A dubious choice of colours is the mountain reflection in the lake. Depending on PAL or NTSC (never the same colour) region of your console and TV the contrast and brightness of the latter (or laptop, phone, etc), it can look better, or much worse, as shown in this NTSC simulation, tool courtesy of NES veteran blargg. This is because it is only slightly differentiated in hue, not brightness, from the rest of the water body. Due to the indexed colour nature of how NES bitmaps, just changing the colour to something else also affects every other area using the same palette. A stylistic redesign on tile-level would be necessary if i wanted to change this to something more robust at some point.
Vertical lines, borders and hardware
Moreover, the thin blue vertical lines in the foreground gets a very noticable bashing on real hardware because of the way composite video works. They basically get a sawtooth like pattern. My first actual hardware tests were done some time after i began doing NES graphics. Several post-hardware test observations can be made. One is how fields of hue-axis neighbors on the palette get a thin dark dotted line between them.
This first concept screen stuck in the back of my head, and I hope to return to this specific concept one day in the form of actual game development when the time comes. For now, other projects are in the pipeline. More on that in a while…
If you took the time to read this far, what did you think of the direction this first post is going? In what direction would you like me to go?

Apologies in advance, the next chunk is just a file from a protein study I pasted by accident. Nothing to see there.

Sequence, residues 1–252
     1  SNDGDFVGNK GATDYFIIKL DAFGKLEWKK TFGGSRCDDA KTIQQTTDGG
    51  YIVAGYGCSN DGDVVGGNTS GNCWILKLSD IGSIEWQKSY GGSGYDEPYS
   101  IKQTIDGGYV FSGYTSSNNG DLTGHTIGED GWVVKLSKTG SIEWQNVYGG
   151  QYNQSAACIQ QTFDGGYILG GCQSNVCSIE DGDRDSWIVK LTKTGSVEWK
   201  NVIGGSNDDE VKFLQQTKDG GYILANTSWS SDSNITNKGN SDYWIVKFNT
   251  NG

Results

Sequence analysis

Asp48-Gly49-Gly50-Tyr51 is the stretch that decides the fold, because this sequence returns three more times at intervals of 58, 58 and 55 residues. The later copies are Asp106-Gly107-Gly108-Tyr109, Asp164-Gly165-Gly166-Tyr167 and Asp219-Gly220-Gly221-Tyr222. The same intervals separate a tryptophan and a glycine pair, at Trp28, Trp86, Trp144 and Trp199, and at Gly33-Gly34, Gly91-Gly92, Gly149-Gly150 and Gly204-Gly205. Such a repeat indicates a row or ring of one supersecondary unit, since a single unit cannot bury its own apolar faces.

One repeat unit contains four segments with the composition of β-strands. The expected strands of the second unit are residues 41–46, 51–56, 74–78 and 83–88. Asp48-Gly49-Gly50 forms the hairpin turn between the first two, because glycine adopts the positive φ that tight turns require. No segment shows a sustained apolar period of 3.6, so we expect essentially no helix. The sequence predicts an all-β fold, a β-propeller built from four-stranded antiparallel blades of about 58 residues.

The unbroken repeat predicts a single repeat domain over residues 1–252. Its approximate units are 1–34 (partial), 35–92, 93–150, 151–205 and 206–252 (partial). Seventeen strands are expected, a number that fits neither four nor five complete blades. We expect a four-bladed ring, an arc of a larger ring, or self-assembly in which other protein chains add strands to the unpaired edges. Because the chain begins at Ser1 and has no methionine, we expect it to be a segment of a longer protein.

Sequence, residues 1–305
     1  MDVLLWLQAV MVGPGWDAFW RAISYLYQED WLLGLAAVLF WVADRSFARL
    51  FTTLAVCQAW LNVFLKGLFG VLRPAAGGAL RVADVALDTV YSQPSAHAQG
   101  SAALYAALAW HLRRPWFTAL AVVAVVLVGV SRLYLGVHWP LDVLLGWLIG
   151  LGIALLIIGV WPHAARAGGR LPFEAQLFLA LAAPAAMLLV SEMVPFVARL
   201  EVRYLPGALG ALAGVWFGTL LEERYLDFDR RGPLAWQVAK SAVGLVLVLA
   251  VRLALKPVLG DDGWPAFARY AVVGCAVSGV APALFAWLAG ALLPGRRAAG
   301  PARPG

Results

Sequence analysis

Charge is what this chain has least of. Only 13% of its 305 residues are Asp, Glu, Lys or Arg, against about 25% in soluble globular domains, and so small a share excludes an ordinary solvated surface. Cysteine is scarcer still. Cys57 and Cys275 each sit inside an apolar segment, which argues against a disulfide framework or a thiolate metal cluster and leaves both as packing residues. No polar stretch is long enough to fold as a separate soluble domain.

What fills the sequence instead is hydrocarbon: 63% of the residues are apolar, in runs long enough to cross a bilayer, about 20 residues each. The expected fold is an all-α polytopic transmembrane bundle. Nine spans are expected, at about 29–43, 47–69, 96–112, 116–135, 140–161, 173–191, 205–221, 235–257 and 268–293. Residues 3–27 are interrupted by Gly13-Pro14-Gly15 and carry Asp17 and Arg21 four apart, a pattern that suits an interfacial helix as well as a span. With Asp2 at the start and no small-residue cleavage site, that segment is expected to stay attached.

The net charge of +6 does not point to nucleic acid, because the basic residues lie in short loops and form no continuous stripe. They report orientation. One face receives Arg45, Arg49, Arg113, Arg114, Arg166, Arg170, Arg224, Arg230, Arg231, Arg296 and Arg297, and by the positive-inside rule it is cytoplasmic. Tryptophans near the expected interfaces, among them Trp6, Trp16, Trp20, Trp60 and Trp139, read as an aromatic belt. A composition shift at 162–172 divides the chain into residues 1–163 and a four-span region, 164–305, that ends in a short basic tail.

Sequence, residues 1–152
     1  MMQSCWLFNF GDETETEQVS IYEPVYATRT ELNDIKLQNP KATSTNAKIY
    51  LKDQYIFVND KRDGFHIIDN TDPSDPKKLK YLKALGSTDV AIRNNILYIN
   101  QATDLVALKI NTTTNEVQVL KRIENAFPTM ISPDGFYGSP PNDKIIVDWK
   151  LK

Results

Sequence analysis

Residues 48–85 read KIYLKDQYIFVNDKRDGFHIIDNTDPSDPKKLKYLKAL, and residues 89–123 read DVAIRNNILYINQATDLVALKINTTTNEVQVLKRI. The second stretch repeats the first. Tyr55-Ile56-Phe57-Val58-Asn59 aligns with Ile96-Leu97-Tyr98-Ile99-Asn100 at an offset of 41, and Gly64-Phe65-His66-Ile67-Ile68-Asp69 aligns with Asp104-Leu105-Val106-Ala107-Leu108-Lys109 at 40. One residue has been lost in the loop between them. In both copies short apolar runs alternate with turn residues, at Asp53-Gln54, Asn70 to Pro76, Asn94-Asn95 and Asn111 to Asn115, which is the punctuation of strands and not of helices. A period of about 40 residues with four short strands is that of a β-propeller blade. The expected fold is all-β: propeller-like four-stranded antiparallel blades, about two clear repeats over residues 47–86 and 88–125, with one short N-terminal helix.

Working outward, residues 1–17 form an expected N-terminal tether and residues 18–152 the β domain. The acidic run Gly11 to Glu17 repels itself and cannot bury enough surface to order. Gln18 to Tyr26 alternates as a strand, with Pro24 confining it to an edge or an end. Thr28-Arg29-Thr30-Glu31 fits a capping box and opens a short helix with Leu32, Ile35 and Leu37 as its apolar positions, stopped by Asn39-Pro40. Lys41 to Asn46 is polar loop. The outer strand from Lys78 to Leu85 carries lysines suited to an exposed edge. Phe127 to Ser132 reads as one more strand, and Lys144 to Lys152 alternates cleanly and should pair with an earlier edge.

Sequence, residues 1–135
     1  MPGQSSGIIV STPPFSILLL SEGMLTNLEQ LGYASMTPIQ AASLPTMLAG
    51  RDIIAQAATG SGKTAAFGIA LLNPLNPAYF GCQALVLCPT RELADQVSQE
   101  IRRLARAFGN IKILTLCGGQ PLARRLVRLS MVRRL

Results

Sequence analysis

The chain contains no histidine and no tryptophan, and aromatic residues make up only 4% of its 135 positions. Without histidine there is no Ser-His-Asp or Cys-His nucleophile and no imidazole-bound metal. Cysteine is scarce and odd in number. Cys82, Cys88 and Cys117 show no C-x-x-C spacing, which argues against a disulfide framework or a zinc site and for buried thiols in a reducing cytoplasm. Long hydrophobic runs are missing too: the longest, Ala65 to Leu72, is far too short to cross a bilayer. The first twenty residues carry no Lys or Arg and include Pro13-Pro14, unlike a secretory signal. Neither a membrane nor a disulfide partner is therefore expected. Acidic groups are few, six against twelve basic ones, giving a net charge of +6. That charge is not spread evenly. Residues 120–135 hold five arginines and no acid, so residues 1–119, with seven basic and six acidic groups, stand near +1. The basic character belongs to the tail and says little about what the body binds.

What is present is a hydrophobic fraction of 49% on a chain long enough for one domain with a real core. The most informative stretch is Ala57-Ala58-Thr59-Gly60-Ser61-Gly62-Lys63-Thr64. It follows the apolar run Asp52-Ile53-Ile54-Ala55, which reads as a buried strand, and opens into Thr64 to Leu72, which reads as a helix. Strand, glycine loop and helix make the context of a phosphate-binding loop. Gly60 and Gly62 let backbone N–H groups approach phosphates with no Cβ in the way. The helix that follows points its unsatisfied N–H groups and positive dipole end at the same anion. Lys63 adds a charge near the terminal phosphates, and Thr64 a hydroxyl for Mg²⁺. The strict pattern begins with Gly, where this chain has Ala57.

If you’re new to development for the NES, here’s a short glossary to help the readability of the article.
Tile; sometimes called character or pattern (just like the in the textile and printing industry): an 8×8 px portion of graphics that can be held in the pattern table of the PPU. These are repeated on the nametable, which is essentially what you see on screen.
Nametable; a bitmap in PPU memory that tell what tiles go where on the screen. A NES program normally makes use of 2 or sometimes 4 screens’ worth of nametables simultaneously, depending on mapper/cardridge PCB.
PPU: Picture processing unit. Like a GPU, but with a hard defined set of tasks. When processing graphics on the NES, you almost always do it via the PPU:s hardware registers. Some unusual/special tasks, like shearing, must be done in software.
EPROM; stands for erasable programmable read only memory. It’s the physical storage chips in a NES where you store program and assets. A wipe is done by exposing the silicon to strong UV light for some time through the quartz window on the chip (normally masked with tape). A variant is the EEPROM (meaning electrically erasable). More versatile, cheap and quick-to-reprogram alternatives are available today, like flash ROMs.
Post Script additions
Rahsennor, who’s the coder of wrecking balls, sent me this new NTSC emulation of the screen. I currently only have PAL hardware for testing graphics. If anybody can chime in on the accuracy of this emulation, that’d be handy for future concepts and projects!